The plaintiff alleged infringement under the Copyright and Related Rights Act 2000 (CRRA 2000), breach of trademark, breach of contract, breach of moral rights, breach of confidence and interference with economic relations. The court held that under the statutory claim (s37 and S40 of the CRRA 2000) it is incumbent on the plaintiff to sufficiently mirror the language of the act. The defendant is entitled to know under what part of the act the claim arises and whether any of the forms of making available under s40 have occurred. The plaintiff was ordered to submit the exclusive licence that it claimed in the works concerned and to reframe their submission using the language of the CRRA 20 [...]
The Court of Appeals held that a European Usenet Service Provider (‘USP’), ‘NSE’, was excluded from liability for infringement of copyright and neighbouring rights, pursuant to the provisions for mere conduit service providers and hosting service providers in Articles 12 to 15 of Directive 2000/31/EC (The E-Commerce Directive) as implemented into Dutch law. In the context of an Usenet service, an efficient Notice-and-Take-Down procedure is sufficient to establish an expeditious act to remove or disable access to the information in the situation where the USP obtains knowledge or awareness of copyright infringing material. Although NSE was excluded from liability, other measures c [...]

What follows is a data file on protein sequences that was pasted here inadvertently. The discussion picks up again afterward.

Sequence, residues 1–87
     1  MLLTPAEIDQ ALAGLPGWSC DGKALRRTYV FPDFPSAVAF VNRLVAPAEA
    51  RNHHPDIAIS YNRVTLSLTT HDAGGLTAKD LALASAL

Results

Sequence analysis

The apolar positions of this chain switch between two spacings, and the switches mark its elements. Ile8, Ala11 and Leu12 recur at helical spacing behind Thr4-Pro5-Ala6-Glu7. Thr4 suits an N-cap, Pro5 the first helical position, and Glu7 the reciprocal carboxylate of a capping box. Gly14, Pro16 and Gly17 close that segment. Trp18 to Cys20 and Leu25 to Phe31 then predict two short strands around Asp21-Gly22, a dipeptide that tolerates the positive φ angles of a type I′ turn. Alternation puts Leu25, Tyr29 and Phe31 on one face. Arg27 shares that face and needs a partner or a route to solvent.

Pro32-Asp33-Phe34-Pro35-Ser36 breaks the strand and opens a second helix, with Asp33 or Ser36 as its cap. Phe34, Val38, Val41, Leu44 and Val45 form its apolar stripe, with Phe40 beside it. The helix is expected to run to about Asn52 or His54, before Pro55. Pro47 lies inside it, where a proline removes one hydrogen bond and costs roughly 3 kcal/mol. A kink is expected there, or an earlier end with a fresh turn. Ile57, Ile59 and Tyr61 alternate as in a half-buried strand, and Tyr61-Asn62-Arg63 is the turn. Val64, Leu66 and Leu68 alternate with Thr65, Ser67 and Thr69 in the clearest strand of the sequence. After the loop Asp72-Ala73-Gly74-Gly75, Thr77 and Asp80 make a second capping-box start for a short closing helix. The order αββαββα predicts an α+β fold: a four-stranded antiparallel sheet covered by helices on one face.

On 16th April 2015 the German Federal Court of Justice (BGH) delivered its final judgment in a lengthy legal standoff, which began its journey through the judiciary in 2009. The judgment is not yet available but is discussed in a press release here. Since that time libraries and publishing houses have fought with one another over the meaning of access to digital content, the right to reproduction and traditional copyright exploitation schemes. The dispute at hand revolved around Sec. 52b of the German Copyright Act (Urheberrechtsgesetz), containing a statutory copyright limitation which permits certain institutions such as public libraries, museums and archives to make published works of w [...]
This ruling, rendered by the IP specialist section of the High Court of First Instance of Paris, breaches the most basic EU and French copyright law, by refusing copyright protection to an obviously original photographic work. This very surprising ruling is unfortunately just another ruling contrary to the elementary rules of copyright law that has been given by the High Court of Paris.
On 21 May 2015, the High Court of First Instance of Paris (Tribunal de Grande Instance) rendered a judgment in which it ruled that a famous photograph of Jimi Hendrix, taken by Gered Mankowitz, is not original and therefore not protected by copyright. The photograph is reproduced hereabove. The 3rd Chamber o [...]